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Chromosome translocation can lead to chimeric proteins that may become oncogenic drivers. A classic example is the fusion of the BCR activator of RhoGEF and GTPase and the ABL proto-oncogene nonreceptor tyrosine kinase, a result of a chromosome abnormality (Philadelphia chromosome) that causes leukemia. To unravel the mechanism underlying BCR-ABL-mediated tumorigenesis, here we compared the stability of ABL and the BCR-ABL fusion. Using protein degradation, cell proliferation, 5-ethynyl-2-deoxyuridine, and apoptosis assays, along with xenograft tumor analysis, we found that the N-terminal segment of ABL, which is lost in the BCR-ABL fusion, confers degradation capacity that is promoted by SMAD-specific E3 ubiquitin protein ligase 1. We further demonstrate that the N-terminal deletion renders ABL more stable and stimulates cell growth and tumorigenesis. The findings of our study suggest that altered protein stability may contribute to chromosome translocation-induced cancer development. © 2020 Yan et al.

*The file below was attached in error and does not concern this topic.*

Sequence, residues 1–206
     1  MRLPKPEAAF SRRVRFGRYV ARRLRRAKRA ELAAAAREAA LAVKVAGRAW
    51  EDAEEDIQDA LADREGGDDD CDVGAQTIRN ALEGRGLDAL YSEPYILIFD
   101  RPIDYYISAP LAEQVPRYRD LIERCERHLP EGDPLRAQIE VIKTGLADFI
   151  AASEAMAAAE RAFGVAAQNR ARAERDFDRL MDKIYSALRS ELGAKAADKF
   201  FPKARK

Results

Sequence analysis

Zhengwei Yan, Karthigayan Shanmugasundaram, Dongwen Ma, Jiayu Luo, Shiwen Luo, Hai Rao. The N-terminal domain of the non-receptor tyrosine kinase ABL confers protein instability and suppresses tumorigenesis. The Journal of biological chemistry. 2020 Jul 03;295(27):9069-9075

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PMID: 32439806

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